We took a bit longer getting back from Green Man than expected, both physically and emotionally, but now the fog has cleared, here are our thoughts on a wet and wonderful weekend in the Brecon Beacons.
If you read the festival preview, where we hailed the work of the musical programming team, you might expect a comprehensive set-by-set account of the weekend’s action. This however, would be to miss the point of Green Man and ignore it’s real charm. Nestled within an opening of the surrounding Black Mountains, the aptly named Mountain Stage is situated in the most perfect amphitheatre you could envisage for a festival main stage; a natural gradient with a bit of clever landscaping has created an area that benefits from excellent acoustics, great views all round and never leaves the crowd feeling like herded cattle.
This spacious atmosphere was in no small part due to Green Man’s capacity of 20,000 people, in an area that could probably have packed in an extra 10,000. Comfort over profit equals happy campers. After a long old trip from Newcastle (via Newport), Connan Mockasin was the first act we saw on the Friday evening – his serene and off kilter numbers, occasionally interrupted by wild showers, setting the tone for a weekend of adventure.
The rainbows of Friday gave way to the forecast showers of Saturday. They never lasted long enough to fully dampen spirits and remarkably didn’t turn the festival site into a mud bath. It must take a clever irrigation system to keep a site, which is engulfed in a cloud half the time, relatively dry. If it all got too much though, you could take a dip in the hot tubs up at Nature Nurture, whilst sipping champagne. The expenses budget wouldn’t stretch that far, so a trip to the Green Man bar to get one of the 106 ales, beers and ciders was the plan on Saturday afternoon, before seeing BC Camplight. Brian Christinzio and his band played at the Walled Garden stage – an area of the festival found on the other side of a small opening in a vegetation covered stone wall, which made it feel like you’d discovered a (not very) secret garden.
This intimate, fairy tale setting was also where we returned for Pictish Trail’s headline set that evening. Full of as much energy and surrealism as he’s displayed on Amazing Afternoons a few weeks back, Johnny Lynch provided one of the more colourful moments during what was a kaleidoscope of a weekend.
Going back to the bar, as we did a fair bit during the festival, we have to mention how easy and efficient the whole experience was. The staff were friendly and informative on all aspects of the festival – acting like booze bringers-come-tourist information stewards. With queuing rarely a hindrance to quenching your thirst, the process was made even more simple by Green Man’s adopted stack-cups; the idea being you keep your cup with you and trade it in for a clean one. They were easy to hold, thanks to an ingenious handle design and there was no plastic pint carpet of litter under foot at the end of the night. As the comprehensive drinks guide pointed out, the only thing you needed to worry about was the percentage of what you’d ordered.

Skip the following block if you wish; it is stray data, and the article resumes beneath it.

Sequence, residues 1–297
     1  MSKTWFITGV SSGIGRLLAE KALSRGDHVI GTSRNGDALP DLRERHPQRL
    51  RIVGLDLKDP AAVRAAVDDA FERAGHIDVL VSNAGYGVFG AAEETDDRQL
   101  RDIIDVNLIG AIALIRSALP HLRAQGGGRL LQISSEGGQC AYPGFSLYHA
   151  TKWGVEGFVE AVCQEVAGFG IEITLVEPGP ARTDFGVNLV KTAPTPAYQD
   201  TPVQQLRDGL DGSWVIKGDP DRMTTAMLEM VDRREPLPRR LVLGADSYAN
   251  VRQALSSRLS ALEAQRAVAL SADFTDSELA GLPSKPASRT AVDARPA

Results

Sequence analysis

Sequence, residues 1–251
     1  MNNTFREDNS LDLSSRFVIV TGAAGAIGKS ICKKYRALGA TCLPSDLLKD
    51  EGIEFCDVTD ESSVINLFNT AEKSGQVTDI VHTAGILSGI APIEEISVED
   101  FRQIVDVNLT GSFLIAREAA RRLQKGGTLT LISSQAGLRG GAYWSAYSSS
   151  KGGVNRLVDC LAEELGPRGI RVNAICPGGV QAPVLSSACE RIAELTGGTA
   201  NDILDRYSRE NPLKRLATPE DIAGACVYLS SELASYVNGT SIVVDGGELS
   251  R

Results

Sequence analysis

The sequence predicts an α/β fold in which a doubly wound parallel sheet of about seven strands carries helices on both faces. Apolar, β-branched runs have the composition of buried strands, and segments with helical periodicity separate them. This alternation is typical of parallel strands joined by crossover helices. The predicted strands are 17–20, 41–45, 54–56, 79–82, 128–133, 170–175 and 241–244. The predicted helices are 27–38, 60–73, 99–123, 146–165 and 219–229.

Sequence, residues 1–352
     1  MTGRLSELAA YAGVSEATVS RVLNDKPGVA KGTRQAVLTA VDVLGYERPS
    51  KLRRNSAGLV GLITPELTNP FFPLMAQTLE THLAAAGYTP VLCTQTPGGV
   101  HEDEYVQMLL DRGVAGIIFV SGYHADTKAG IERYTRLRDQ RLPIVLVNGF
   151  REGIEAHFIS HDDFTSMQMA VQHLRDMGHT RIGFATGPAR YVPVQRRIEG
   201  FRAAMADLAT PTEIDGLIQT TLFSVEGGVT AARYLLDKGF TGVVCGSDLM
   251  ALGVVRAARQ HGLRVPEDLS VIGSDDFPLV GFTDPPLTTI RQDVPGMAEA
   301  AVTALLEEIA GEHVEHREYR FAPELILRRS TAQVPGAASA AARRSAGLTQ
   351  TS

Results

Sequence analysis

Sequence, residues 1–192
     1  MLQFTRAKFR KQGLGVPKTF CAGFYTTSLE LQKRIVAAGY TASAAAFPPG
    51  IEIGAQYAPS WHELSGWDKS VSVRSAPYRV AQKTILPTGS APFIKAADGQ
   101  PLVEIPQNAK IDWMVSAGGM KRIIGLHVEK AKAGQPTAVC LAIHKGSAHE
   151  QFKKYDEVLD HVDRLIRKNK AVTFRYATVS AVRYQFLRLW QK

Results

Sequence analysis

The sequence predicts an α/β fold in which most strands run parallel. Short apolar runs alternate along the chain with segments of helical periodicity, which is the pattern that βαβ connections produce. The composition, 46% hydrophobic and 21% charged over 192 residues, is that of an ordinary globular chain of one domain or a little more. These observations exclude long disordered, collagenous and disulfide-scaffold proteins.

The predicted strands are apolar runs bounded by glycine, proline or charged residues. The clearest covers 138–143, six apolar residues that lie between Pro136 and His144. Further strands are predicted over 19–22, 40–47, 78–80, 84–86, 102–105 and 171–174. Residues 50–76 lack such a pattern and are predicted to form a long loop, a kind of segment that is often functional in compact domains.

Well oiled and very grateful for the clearing rain clouds, the Far Out tent was the setting for Saturday night’s rave. Black Mass brought the beats with his dark and expansive, synth driven techno. There was never a shortage of things to do well into the early hours, with the festival site itself and it’s many twists and turns, leading to secret corners to indulge your senses.
Sunday was arguably the best day for music, if you needed any reminding that on top of the many excellent features of the festival, the 14th Green Man boasted a stellar line-up. Gengahr, Julia Holter, Unknown Mortal Orchestra and Warpaint were among the acts bringing the festival to a triumphant finale. Such is the layout and strength of the overall running order, the Mountain Stage never really got “festival busy” until Belle and Sebastian emerged to headline – providing arguably the best set of the entire weekend, before the Green Man went up in flames. Stuart Murdoch’s flamboyant showmanship was a fitting way to conclude a weekend often noticeable by it’s understated brilliance.
There was an appropriate amount of fanfare for a quite exceptional live band – with Murdoch even comparing himself to Madonna early on. It would be difficult to pick a set highlight as such, but the band inviting the teenagers from the front – who as Murdoch pointed out weren’t born when Tigermilk was released – to come and dance on stage was the postcard moment from the weekend. There were accusations that a member of team Amazing cried at the end, but I’m sure it was just a bit of glitter in the eye.
We go to a lot of festivals and depending on who you ask they’re all the greatest one – but it’d be very difficult to not hold Green Man up there with the very best. The campsites were well laid out, the toilets were the cleanest we’ve ever seen at a festival, the food and drink was excellent and rarely too expensive (even by entertainment standards), the staff were the best I’ve encountered and the setting was beautiful. And there weren’t too many flags!